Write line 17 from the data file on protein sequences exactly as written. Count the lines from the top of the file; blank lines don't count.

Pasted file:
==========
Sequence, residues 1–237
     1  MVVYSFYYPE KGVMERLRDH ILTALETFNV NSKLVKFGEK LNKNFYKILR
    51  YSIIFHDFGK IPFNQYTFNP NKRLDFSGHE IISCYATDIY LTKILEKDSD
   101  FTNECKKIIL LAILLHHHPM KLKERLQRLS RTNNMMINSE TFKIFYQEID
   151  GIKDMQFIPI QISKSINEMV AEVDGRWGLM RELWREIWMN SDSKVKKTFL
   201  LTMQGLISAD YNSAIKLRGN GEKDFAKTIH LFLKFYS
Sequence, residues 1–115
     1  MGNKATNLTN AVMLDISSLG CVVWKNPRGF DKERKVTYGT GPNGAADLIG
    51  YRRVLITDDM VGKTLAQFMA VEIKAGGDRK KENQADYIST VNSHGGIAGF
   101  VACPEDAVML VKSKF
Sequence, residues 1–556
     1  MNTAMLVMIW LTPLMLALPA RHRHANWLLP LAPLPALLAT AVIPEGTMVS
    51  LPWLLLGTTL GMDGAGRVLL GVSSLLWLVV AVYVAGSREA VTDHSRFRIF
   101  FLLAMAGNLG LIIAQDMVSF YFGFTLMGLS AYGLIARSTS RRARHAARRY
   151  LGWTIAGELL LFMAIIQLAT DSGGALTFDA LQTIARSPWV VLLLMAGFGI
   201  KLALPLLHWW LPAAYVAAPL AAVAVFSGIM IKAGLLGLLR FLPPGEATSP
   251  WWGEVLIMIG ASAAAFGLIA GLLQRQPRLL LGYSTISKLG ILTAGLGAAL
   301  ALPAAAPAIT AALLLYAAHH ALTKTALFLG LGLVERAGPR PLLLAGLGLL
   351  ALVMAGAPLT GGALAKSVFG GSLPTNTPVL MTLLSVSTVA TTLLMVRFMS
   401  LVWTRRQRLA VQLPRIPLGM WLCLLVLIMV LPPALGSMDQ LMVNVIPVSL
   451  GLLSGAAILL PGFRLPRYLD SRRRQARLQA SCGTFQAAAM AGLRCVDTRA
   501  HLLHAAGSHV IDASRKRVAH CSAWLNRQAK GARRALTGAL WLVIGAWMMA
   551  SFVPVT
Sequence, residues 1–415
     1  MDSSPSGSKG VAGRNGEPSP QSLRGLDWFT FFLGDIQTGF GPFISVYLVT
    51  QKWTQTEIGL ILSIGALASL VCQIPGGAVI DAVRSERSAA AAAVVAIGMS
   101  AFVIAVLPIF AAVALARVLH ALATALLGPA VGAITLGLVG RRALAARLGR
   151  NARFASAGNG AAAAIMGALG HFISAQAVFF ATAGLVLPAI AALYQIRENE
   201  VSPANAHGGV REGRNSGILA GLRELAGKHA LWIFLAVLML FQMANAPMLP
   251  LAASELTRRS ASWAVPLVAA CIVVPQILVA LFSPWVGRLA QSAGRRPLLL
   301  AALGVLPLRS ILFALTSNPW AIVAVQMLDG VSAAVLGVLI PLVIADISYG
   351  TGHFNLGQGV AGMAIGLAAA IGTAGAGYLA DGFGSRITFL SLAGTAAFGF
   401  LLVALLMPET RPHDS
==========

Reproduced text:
   251  WWGEVLIMIG ASAAAFGLIA GLLQRQPRLL LGYSTISKLG ILTAGLGAAL